KUALA LUMPUR (Reuters) - Malaysian police on Thursday said a leader of a political party was behind videos purporting to show a cabinet minister, seen as a potential successor to Prime Minister Mahathir Mohamad, engaged in sex with another man.
They did not identify the party or the leader.
The sex tapes, allegedly of Economic Affairs Minister Mohamed Azmin Ali, were widely distributed to journalists and politicians via WhatsApp last month.
Sodomy is a crime in Malaysia and Anwar Ibrahim, who Mahathir has named as his successor, spent about a decade in jail under the law on what he said were trumped up charges.
Azmin, who is said to be close to Mahathir, said the videos were a “nefarious plot” to end his career.
“Results of (police) investigation reveal that there is a wicked alliance that is masterminded by a leader of a political party with the intention to shame and destroy the reputation of a certain individual,” police chief Abdul Hamid Bador said in a statement.
Abdul Hamid said the video was probably authentic but that facial recognition tests were “not able to associate the perpetrator in the video with the individual in question”.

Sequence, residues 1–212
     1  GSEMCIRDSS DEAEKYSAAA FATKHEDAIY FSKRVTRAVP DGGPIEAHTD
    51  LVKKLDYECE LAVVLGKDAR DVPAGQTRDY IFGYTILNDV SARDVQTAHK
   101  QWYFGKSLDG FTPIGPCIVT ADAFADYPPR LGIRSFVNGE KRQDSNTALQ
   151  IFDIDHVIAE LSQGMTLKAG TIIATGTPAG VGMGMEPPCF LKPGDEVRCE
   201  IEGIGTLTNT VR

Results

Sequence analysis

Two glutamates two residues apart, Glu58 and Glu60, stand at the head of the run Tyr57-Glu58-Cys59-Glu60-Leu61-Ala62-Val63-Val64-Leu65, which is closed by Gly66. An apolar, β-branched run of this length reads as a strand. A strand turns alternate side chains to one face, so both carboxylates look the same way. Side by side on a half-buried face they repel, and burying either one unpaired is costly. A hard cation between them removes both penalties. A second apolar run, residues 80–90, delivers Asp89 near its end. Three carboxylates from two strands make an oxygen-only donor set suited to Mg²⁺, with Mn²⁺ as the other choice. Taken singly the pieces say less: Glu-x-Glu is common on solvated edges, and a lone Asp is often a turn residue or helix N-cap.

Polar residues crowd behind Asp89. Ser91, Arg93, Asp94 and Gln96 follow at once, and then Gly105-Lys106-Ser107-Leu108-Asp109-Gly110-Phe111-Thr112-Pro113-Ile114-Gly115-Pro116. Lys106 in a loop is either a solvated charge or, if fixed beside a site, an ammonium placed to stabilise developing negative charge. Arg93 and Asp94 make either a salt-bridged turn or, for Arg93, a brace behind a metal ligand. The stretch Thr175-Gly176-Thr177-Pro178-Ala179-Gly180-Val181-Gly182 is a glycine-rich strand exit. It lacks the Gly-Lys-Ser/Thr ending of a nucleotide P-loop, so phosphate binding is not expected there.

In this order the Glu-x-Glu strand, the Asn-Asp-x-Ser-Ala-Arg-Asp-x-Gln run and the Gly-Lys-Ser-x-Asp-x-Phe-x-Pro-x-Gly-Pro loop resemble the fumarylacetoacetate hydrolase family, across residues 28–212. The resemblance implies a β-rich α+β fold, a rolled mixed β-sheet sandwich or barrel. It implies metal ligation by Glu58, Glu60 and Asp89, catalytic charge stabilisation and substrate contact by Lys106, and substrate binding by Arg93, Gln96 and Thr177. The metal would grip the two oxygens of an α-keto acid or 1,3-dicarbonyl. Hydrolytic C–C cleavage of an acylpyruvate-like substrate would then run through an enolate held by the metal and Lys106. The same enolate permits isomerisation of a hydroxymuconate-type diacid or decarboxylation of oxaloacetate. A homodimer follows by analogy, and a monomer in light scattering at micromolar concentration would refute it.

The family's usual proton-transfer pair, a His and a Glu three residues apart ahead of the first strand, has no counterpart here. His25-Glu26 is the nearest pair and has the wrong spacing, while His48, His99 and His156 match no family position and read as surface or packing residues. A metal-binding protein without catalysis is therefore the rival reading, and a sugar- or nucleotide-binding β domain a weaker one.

The statement did not identify the individual but the headline of the statement referred to the sex video “allegedly involving an individual bearing likeness to a senior cabinet minister”.
The video was produced by parties that were hired with “hundreds of thousands of ringgit”, Abdul Hamid said, referring to Malaysia’s currency.
The sex scandal has deepened rifts within the ruling coalition and raised concerns of a turbulent transition from 94-year-old Mahathir.
Azmin last month said he was convinced the videos were the work of insiders in the Parti Keadilan Rakyat (PKR) party, the biggest component of the Pakatan Harapan alliance. Anwar and Azmin are the president and deputy president in PKR.
Anwar has said it was “slander” to suggest he had anything to do with the leaked footage.
Earlier on Thursday, Anwar brushed aside talk of a challenge from Azmin for the premiership and said he had the support needed to become prime minister.
Reporting by Joseph Sipalan and Liz Lee; Writing by A. Ananthalakshmi; Editing by Nick Macfie